While I was waiting in the reception area prior to my first set of meetings, I met a young man named Jeff who was there on his first day to start a new job. After signing in, he was met by someone from human resources who gave him his employee badge and laptop and took him to his full-day new employee orientation—the first stop in what he hoped would be a long and successful career. And maybe it will be. But I recall seeing him several times in the weeks that followed—passing by his workspace, or running into him in the break room, on the elevator, heading out to lunch, or sitting at the back of the room during an “all-hands” meeting. Each time I asked him how things were going, and each time he gave me the same answer: “Okay, I guess, but I don’t feel very connected here. Maybe it’s just something that will take a while.”

“Kind of strange,” I thought to myself. I had found him, in our brief conversations, to be friendly and interesting, if somewhat reserved. But he had apparently been left on his own to accomplish the work he’d been hired to do—work that he might be uniquely qualified for but that certainly did not get at the heart of who he was and his full potential to make a difference. And I started wondering a few months later if he and his company had missed the chance to connect in some meaningful way, and whether we allow too many of our colleagues to become strangers in our companies and organizations. Strangers because we choose to treat them that way. This may not happen in every workplace, but it does in many of them, and especially in larger organizations where it’s easier to get lost in the shuffle.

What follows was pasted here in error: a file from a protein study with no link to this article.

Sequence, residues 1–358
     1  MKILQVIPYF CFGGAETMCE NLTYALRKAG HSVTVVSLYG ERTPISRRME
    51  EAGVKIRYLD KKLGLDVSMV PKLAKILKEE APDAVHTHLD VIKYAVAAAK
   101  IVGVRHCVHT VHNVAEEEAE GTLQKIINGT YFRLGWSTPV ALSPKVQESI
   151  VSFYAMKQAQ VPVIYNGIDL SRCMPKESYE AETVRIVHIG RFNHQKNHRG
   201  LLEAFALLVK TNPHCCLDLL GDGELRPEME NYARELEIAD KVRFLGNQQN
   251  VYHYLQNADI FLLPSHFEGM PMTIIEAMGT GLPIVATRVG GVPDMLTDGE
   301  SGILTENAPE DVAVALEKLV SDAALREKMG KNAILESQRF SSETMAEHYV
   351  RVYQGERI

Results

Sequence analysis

I also thought about the reality that we don’t always find the time to let everyone know that they really matter. That we will never reach our full potential without them. That everyone’s job is just as vital to our success—no matter how long they’ve been here or what they do. And that everyone has a lot more to contribute to our success than simply going through all of the awesome stuff in their in-boxes.

And that in order to build organizations and cultures that can consistently innovate, collaborate, and bring real excitement to the customers we have the privilege to serve, we must find better ways to engage and inspire all of our people from the moment they arrive. And better ways to discover their real gifts and passions.